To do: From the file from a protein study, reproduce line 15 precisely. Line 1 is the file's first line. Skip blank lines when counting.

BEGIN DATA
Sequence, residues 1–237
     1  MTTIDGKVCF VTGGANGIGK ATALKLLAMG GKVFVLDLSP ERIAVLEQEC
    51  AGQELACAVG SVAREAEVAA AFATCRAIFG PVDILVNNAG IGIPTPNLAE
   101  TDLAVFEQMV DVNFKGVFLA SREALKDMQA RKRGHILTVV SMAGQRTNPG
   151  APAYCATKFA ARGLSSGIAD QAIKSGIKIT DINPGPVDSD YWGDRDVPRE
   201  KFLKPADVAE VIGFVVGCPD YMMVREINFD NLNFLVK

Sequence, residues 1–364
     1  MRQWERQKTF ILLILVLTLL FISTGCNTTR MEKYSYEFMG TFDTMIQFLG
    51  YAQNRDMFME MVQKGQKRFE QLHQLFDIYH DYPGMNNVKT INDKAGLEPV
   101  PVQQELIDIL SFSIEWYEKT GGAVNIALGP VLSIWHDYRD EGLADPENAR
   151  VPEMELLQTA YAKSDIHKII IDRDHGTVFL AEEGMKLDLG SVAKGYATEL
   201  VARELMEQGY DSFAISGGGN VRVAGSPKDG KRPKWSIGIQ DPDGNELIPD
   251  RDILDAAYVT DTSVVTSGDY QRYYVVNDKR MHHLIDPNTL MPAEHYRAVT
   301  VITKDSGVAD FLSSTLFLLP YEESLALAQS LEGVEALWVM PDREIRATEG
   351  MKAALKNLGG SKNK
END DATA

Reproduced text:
   351  MKAALKNLGG SKNK